Our Last Consultancy Was A Food Processing Factory, Peas Along A Production Line.

And so the saga of gross inefficiency of NHS management consultants was exposed.

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Reports “The NHS has become addicted to management consultants although hospitals that use them become less efficient, researchers have discovered. The more that a health trust employs outside experts, the more it will turn to them in the future, analysis shows. Hiring them is also followed by a rise in contracting out to the private sector. £263million a year!

Downing Street is under pressure to justify recruiting an army of private sector experts to deliver the ailing NHS Test and Trace programme.

Sir Keir Starmer challenged the prime minister this week, complaining of “the way the government sprays money at companies that do not deliver”. The opposition leader cited the £7,000-a-day rate that some executives from Boston Consulting Group were being paid to help set up and run the testing system. More than 1,100 consultants from Deloitte have been working on the programme with day rates as high as £2,360.

It’s a long story, suffice to say that “During the pandemic Downing Street has turned to management consultants to set up the £12 billion test-and-trace scheme, which relies heavily on outsourcing. For mass testing, the government created mega-laboratories bypassing the hospital and public health structure. For tracing, ministers turned to private providers rather than relying on established local authority services”.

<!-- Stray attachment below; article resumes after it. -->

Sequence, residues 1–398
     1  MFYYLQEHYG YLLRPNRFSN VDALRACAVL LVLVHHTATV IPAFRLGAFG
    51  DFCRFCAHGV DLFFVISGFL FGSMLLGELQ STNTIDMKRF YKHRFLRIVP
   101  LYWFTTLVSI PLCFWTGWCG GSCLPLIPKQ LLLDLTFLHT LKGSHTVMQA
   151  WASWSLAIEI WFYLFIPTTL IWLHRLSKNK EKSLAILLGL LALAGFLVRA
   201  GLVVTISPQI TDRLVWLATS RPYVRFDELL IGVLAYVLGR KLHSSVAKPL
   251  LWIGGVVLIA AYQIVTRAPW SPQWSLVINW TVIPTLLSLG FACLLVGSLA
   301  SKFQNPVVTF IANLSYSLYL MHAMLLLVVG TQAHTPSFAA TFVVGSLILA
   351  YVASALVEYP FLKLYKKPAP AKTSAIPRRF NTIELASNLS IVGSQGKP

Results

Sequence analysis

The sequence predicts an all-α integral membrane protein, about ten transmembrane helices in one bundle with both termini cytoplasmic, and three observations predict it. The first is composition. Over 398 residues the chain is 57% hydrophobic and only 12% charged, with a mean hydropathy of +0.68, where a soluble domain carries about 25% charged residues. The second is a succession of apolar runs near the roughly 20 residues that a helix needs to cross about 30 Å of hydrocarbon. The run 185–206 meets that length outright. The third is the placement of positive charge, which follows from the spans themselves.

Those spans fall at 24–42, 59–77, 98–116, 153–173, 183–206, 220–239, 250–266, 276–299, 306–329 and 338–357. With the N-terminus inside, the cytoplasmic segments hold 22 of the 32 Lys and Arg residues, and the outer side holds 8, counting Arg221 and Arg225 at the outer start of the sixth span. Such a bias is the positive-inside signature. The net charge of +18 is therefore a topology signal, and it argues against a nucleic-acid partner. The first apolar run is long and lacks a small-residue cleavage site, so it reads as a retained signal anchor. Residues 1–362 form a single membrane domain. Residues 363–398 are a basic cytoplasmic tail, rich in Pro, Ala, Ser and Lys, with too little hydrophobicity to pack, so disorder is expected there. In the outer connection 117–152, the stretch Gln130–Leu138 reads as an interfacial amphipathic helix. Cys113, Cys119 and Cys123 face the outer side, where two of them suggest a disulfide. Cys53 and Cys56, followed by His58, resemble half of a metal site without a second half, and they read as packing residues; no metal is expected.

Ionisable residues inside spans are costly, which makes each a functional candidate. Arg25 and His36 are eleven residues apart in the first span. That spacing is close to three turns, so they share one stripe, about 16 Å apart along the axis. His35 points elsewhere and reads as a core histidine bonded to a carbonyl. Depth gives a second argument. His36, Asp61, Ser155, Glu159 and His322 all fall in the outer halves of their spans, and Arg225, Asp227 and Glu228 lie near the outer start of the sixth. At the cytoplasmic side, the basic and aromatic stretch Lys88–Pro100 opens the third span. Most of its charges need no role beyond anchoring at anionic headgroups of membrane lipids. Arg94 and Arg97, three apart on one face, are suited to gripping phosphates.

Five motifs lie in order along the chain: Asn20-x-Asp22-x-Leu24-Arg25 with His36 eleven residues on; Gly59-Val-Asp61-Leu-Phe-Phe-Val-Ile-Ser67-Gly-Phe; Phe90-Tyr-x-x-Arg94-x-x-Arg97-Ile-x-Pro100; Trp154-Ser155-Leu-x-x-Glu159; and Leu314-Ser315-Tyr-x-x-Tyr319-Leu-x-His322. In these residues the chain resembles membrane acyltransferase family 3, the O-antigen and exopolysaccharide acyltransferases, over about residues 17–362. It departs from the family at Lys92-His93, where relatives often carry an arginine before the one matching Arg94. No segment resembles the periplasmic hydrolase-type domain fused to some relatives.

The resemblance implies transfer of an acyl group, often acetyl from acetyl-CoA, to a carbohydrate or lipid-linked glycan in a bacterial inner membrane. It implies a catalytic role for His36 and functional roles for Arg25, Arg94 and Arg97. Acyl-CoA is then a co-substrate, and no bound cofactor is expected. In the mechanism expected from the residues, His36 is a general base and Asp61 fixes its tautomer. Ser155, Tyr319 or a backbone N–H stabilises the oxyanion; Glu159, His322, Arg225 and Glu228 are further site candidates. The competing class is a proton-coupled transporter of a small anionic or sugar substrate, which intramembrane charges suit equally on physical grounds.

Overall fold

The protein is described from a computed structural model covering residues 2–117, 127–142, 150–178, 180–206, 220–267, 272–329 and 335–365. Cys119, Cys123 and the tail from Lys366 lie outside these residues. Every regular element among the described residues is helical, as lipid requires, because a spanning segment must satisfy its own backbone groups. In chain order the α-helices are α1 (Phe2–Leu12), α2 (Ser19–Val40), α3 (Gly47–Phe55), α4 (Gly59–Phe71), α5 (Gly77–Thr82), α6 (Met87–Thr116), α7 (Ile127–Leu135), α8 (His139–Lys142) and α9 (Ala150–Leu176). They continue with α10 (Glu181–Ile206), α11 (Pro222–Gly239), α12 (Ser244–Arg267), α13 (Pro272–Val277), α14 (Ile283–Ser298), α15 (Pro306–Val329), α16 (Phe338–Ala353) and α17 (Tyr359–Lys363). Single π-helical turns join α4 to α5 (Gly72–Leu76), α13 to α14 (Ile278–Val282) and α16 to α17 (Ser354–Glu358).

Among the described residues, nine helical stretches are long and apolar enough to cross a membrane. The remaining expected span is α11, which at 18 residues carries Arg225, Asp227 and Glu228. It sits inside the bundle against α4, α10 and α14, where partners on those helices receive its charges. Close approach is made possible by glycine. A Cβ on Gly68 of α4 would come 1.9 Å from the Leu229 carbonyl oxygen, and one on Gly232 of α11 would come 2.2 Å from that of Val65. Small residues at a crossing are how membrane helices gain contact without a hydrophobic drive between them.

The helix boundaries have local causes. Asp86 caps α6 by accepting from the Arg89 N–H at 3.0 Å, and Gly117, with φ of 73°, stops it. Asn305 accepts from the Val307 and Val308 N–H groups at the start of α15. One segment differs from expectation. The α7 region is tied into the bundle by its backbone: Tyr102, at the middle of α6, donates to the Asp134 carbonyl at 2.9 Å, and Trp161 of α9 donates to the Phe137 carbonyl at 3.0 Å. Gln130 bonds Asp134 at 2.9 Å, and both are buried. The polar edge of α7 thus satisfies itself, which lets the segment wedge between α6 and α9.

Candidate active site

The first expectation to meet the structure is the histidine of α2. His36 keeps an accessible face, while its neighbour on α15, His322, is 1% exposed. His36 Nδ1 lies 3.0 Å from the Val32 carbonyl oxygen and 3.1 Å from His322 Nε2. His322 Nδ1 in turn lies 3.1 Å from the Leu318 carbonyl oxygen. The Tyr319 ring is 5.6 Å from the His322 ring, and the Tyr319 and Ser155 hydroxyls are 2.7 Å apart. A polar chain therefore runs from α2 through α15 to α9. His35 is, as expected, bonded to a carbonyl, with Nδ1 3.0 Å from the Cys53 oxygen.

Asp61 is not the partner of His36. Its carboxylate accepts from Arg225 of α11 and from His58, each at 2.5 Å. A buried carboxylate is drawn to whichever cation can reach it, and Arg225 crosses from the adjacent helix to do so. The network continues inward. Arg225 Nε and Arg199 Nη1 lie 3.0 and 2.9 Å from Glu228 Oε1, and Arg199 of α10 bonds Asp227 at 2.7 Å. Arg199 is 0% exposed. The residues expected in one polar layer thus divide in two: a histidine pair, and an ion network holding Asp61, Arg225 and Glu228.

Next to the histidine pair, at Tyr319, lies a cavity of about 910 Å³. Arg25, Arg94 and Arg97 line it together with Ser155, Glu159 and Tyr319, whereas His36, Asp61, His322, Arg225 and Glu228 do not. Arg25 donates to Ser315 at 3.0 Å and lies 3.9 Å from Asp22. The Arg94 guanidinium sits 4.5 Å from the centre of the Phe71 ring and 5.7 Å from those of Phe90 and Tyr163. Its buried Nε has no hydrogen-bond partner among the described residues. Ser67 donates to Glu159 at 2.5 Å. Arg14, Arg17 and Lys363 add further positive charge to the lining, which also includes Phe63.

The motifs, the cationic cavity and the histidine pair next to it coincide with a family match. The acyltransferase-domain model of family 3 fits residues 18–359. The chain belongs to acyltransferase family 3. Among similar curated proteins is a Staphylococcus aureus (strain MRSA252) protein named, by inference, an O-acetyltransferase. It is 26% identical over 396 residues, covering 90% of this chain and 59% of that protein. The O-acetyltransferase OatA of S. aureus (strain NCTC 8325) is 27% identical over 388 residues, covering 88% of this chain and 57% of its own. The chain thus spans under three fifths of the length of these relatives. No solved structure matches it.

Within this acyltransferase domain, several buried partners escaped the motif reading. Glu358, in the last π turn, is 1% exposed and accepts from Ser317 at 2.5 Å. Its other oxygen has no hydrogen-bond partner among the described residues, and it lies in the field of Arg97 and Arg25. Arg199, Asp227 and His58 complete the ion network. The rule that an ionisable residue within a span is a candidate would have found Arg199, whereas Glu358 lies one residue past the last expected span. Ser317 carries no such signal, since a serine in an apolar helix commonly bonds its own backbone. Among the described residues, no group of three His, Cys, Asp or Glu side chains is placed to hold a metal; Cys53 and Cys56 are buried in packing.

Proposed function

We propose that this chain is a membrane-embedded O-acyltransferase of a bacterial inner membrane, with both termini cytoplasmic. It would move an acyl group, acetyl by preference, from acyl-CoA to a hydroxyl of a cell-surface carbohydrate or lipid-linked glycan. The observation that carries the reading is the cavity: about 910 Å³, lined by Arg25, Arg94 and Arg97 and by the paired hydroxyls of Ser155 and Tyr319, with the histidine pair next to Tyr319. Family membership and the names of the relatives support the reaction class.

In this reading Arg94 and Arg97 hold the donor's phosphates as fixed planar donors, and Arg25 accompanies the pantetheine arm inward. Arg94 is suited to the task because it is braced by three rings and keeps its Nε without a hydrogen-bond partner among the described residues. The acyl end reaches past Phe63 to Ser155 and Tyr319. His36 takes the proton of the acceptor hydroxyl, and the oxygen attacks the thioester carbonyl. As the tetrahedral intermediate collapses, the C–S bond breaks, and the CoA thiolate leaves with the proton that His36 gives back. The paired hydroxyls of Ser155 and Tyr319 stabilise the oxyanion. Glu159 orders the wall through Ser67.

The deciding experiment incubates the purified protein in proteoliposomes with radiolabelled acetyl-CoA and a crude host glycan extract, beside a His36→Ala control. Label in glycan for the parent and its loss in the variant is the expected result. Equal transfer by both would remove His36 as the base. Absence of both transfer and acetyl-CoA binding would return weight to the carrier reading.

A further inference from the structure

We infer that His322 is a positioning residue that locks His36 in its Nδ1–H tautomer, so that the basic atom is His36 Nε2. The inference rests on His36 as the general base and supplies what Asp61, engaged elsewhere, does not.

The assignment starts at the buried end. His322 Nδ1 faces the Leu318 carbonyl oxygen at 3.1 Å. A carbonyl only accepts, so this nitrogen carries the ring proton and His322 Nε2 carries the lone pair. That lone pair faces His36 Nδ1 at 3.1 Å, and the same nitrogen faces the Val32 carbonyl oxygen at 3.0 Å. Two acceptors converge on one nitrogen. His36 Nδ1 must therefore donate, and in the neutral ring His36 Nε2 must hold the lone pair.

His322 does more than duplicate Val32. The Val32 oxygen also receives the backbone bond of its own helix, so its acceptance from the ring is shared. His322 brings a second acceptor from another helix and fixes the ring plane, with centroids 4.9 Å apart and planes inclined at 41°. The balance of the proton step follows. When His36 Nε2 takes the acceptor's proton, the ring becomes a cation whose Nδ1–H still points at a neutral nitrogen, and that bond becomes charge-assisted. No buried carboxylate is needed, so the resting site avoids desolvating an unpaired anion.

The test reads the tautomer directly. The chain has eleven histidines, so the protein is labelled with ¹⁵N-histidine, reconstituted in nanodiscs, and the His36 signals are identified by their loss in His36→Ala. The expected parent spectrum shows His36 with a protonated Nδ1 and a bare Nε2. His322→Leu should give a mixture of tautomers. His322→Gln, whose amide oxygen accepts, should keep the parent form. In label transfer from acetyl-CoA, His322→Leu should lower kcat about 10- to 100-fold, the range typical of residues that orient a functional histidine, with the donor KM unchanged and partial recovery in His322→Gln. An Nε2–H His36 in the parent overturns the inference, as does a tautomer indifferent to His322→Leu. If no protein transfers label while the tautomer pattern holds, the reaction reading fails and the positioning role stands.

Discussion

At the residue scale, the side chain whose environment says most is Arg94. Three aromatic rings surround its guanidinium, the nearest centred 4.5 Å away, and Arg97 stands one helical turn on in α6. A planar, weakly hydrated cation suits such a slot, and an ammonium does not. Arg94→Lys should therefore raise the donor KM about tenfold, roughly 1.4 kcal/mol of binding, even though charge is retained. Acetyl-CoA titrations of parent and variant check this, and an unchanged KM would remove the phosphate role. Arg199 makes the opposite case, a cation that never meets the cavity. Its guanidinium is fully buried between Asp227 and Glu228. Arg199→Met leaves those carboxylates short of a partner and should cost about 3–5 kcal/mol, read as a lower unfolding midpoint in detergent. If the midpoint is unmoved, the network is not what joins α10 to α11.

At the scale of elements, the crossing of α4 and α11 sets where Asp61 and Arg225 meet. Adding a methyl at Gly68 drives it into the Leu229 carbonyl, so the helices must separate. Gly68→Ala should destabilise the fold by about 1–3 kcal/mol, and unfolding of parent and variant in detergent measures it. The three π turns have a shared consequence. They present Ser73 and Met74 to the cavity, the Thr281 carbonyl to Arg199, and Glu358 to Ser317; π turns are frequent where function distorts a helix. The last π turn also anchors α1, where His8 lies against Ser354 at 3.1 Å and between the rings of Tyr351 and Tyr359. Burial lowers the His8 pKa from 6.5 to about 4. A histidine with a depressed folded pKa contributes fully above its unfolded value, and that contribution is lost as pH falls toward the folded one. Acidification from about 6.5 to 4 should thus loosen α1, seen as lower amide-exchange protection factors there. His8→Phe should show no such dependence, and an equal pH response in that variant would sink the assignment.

Case study “When an eminent surgeon at a teaching hospital met the management consultants brought in to solve delays in getting patients to theatre, he asked about their experience in the health service (Dominic Kennedy writes). “I said, ‘Do you do a lot of hospital management consultancy work?’ They said, ‘No, this is our first time. Our last one was a food processing factory, peas along a production line.’ ”

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The surgeon told The Times “Surgeons and the theatre nursing staff had put forward good solutions but management think we have a vested interest. Because of this atmosphere in the health service that they don’t quite trust us, they bring in independent groups.”

A team of management consultants, who were “very young people just out of university”, spent two weeks at the hospital which paid them a six-figure sum. Their report recommended employing a specialist nurse to go through the theatre kit. He lasted less than two months in the role. “The disorganisation caused by the intervention caused more problems after he left” the surgeon said. “Their recommendations failed. They got their money. They left us with another problem”.

Spraying money is easy, getting value for it seems impossible.

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